Thanks to their significant strength, the Croatian Partisans managed to maintain control over large parts of the territory to the point where they could even establish organs of power on the liberated parts of their homeland. In June 1943, at sessions of representatives of the Croatian Partisans held in Otočac and Plitvice Lakes, the ZAVNOH was founded (National Anti-Fascist Council of the People's Liberation of Croatia), headed by the famous poet Vladimir Nazor, as the highest political representative body of the anti-Fascist movement in Croatia. Just like a real war government, this body coordinated Partisan military operations and organised economic activities in the free territories. In the autumn of 1943, a similar body was established in neighbouring Bosnia and Herzegovina (ZAVNOBiH). Representatives of both bodies participated in the revival of the Yugoslav state as a democratic federation at the 2nd session of the Anti-Fascist Council of the People's Liberation of Yugoslavia (AVNOJ) on 29 November 1943 in Jajce. The rulings of that session are considered the foundation act of post-war Yugoslavia. Pursuant to a ruling by the 2nd session of the AVNOJ, representatives of the ZAVNOH constituted the Federal State of Croatia at the 3rd session in Topusko in May 1944, as one of six Yugoslav federal states, thus reviving the continuity of the Croatian Sabor which had been abolished in 1918.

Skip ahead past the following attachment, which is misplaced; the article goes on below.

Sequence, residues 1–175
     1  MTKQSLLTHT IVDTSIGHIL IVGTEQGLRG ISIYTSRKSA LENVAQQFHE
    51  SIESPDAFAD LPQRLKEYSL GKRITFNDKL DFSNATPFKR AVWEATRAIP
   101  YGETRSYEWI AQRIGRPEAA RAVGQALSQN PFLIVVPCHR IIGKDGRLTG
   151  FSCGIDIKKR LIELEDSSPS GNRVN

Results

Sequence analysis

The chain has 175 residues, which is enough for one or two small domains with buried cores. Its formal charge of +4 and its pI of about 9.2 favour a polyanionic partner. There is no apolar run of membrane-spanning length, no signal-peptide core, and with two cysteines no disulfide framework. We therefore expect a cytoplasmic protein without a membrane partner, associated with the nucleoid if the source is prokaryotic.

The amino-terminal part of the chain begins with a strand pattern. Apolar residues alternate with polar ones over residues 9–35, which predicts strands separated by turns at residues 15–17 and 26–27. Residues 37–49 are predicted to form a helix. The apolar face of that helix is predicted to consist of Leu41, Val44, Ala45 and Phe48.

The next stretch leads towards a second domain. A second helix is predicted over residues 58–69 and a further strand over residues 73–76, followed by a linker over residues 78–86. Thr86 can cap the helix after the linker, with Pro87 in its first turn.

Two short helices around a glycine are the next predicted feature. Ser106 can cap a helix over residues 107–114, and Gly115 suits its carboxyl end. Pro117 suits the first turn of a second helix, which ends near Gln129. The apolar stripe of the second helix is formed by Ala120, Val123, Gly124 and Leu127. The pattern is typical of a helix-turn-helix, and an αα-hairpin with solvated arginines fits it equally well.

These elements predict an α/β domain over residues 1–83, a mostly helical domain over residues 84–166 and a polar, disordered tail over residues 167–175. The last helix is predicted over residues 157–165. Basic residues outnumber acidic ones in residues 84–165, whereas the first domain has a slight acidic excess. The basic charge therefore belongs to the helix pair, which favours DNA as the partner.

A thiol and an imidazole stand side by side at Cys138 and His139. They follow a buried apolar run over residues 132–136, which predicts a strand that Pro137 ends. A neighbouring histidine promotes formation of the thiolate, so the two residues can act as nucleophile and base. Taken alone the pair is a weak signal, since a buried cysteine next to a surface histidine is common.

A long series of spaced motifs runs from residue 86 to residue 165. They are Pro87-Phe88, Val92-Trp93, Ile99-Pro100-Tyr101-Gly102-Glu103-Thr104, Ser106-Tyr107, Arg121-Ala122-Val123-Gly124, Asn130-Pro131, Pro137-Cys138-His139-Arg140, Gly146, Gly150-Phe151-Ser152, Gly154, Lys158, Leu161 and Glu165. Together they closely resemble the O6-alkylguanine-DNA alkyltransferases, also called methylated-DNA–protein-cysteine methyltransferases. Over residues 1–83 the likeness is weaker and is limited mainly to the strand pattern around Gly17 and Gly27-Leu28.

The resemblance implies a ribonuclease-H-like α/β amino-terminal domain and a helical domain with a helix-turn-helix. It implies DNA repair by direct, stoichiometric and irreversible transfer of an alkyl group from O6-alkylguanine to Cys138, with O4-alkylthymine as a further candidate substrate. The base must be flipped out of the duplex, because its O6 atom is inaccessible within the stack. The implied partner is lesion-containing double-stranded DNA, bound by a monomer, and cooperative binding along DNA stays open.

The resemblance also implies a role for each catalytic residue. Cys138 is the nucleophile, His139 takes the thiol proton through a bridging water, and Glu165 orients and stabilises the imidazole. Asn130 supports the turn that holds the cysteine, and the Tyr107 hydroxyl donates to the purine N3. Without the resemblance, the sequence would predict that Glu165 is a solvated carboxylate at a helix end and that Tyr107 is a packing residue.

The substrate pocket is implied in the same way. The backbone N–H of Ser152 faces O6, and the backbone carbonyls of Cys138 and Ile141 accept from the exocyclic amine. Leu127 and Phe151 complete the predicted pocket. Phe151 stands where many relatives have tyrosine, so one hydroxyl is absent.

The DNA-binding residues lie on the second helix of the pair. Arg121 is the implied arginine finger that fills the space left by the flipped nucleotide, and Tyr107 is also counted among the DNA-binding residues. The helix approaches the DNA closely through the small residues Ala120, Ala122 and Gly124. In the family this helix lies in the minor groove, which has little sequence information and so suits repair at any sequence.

Croatia 1943.
3rd ZAVNOH session in Topusko, 1944.
To work! post-war poster, 1945.

Towards the end of 1944, after the liberation of Belgrade and defeat of the Chetniks in Serbia, and the amnesty for deserters from quisling units (up to 15 January 1945), the Partisan movement spread further, but under Tito’s leadership became centralised and ideologically exclusive, while its Croatian component became marginalised. In this context, the war in the area of Croatia ended in May 1945, with the military defeat of the NDH, the establishment of a centralised Communist regime in Belgrade, and summary justice for the defeated forces, civilians suspected of having collaborated with the Ustasha regime, and all “class” enemies and dissidents, along with members of the German and Austrian minorities.

In the Yugoslav Federation (1945–1990)

Within the Federal People’s Republic of Yugoslavia (renamed in 1963 the Socialist Federal Republic of Yugoslavia) Croatia’s present-day borders were set, although its wartime leadership was partly marginalised (Andrija Hebrang), while the rigid Bolshevist tendency was prevalent.